Internet and Society: An Interview with David Weinberger

I had the great chance to address some questions to David Weinberger on Internet and the current developments: read the interesting answers here!


 
 

Andrea Licata: Climate change and other serious global emergencies – which role could the Internet play with regard to this?

David Weinberger: Besides being a robust communication channel, the Internet also enables citizens around the world to mobilize to help during emergencies. This can include raising money, helping people find family members, and providing real-time reports on conditions so that logistical support occurs more smoothly.

Of course the Internet can also help us prepare for emergencies, and avert preventable ones. For climate change, the Internet is an amazing source of information for global citizens to understand what’s happening and to mobilize politically to try to force our governments to respond. It also enables unprecedented access to unprecedented amounts of data (some from sensors, but also from scientific reports, and global conversations).

At its best, the Internet can also not only enable us to know what’s going on around the world, but can help us to care more. But research shows (see Ethan Zuckerman’s book, Rewire) that overall we are not taking advantage of this resource to expand our vision of the world. That’s something we have to work on.

 

AL: As an academic, which is your definition of sustainability?

DW: I’m not an academic who studies sustainability, so my definition is no more helpful than anyone else’s.

 

AL: Which are the current trends of Internet communication?

DW: We continue to reach out to one another and to enjoy one another’s company.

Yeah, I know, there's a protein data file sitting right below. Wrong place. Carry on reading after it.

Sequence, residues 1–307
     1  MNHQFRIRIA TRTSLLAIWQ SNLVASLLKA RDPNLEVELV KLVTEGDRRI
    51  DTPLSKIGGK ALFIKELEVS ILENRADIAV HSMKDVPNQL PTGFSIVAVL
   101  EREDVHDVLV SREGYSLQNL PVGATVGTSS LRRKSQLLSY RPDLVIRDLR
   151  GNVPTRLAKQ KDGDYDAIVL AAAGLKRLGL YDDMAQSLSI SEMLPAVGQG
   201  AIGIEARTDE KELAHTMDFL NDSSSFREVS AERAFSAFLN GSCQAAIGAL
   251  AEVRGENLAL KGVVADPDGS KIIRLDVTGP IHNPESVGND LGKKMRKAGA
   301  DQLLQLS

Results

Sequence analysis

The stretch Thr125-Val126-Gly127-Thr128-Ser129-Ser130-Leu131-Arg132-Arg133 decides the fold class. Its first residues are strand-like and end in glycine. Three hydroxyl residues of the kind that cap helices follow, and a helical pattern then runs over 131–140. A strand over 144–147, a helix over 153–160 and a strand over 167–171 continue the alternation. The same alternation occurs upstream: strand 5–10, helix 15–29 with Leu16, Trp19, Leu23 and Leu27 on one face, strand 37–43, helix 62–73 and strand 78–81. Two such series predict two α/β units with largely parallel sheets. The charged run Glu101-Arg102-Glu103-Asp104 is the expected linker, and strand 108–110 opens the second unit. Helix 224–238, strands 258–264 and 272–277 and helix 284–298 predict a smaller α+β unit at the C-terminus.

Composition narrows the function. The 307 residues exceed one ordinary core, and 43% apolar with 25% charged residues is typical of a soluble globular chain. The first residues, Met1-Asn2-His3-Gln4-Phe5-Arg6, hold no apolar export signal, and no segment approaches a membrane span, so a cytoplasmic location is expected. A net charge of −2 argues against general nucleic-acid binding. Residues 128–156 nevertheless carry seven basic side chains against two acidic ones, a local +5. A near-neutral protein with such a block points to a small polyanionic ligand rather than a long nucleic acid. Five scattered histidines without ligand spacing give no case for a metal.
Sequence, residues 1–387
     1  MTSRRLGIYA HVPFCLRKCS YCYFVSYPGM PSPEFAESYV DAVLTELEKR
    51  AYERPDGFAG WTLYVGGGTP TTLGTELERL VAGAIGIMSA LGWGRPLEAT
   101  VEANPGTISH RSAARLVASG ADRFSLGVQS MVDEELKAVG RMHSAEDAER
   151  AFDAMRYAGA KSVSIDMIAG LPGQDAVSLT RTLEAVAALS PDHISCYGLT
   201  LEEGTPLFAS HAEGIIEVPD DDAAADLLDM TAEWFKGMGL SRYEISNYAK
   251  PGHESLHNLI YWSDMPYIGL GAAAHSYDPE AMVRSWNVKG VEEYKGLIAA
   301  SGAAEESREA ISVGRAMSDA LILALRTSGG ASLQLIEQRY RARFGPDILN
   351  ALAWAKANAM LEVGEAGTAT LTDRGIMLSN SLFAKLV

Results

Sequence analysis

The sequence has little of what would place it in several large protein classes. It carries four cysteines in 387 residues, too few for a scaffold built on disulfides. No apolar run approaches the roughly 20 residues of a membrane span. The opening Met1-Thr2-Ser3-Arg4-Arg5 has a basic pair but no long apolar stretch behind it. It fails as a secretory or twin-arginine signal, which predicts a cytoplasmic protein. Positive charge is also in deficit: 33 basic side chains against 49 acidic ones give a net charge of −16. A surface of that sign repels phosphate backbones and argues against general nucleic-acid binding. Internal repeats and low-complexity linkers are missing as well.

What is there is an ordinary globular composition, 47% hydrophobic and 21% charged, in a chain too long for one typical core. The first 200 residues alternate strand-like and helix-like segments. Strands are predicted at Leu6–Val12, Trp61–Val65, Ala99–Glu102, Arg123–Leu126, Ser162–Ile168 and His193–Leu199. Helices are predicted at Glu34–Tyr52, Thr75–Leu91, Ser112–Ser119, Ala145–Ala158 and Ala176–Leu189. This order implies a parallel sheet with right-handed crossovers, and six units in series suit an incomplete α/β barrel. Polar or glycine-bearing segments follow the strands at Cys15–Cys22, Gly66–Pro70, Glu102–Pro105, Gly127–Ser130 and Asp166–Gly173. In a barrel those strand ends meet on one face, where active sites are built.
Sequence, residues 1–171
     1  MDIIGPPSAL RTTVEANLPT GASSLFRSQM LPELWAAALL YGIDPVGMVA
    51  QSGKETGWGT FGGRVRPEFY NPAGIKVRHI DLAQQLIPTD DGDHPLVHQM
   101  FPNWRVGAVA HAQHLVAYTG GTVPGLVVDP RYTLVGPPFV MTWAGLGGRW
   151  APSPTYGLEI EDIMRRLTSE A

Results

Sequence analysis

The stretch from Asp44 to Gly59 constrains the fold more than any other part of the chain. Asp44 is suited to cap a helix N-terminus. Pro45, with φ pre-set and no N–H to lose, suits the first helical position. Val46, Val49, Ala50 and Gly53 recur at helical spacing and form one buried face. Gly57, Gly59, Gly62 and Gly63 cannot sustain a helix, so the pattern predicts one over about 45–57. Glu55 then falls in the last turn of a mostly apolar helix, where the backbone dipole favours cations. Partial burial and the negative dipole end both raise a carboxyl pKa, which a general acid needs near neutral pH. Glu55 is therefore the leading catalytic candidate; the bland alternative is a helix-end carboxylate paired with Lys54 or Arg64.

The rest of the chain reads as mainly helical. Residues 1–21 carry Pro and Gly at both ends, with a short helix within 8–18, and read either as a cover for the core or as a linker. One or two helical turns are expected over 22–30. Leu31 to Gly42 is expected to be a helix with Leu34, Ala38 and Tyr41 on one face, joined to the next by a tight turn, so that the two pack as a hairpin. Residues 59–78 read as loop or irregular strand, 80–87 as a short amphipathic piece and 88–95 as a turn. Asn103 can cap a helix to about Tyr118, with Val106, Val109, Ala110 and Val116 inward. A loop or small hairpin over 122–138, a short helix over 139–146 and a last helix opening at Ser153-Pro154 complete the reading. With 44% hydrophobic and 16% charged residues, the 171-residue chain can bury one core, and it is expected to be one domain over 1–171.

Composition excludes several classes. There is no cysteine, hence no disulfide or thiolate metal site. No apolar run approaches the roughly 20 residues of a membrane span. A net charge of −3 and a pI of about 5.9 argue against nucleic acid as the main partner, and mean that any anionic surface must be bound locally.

I think we see the networking of our ideas and conversations changing much about knowledge. Not only is knowledge now far more available, it’s also harder to contain within topics and disciplines, credentials often count for much less than they used to, and — most important — knowledge itself is found in the webs of people and ideas who are interacting with one another and disagreeing with one another.

 

AL: This blog talks about the so-called “smart working”. Do you think the Internet is a good instrument to improve our work life and, hence, quality of life (for example working from home)?

DW: Sure. The Net’s already transformed business life so thoroughly that the changes are often invisible to us. We are now able to get up to speed on topics in hours that would have taken us weeks. We now generally are far more informal in our business relationships than we used to be, and we cut across the hierarchy much more easily. We now use persistent email groups to do work that formerly clustered around weekly status meetings. We collaborate across organizations far more fluidly. There’s far more humor and personality in business communications. All these things humanize the workplace. That’s a good thing.

 

AL: Do you think there is a growing interest in the topic of the Internet in the universities?

DW: Interest in the topic of the Internet has been growing in universities because researchers are increasingly using the Net to pursue their studies, because the Net is providing new ways to do research, because the Net is making it possible to pursue research that was not feasible before (e.g., Big Data), and because the Net is directly affecting the objects of study in many fields (e.g., sociology, communications, political science, economics, etc.).

Taking the Internet as its own topic, perhaps with its own discipline formed around it, is proceeding more slowly; it takes time for new disciplines to cohere and to become embedded in the organizational structure of universities.

 
 

David Weinberger

David Weinberger is a senior researcher at Harvard’s Berkman Center for Internet & Society and the author of Too Big to Know, Everything is Miscellaneous, and co-author of The Cluetrain Manifesto.

You can follow David Weinberger on Twitter, or visit David Weinberger’s page johotheblog.com

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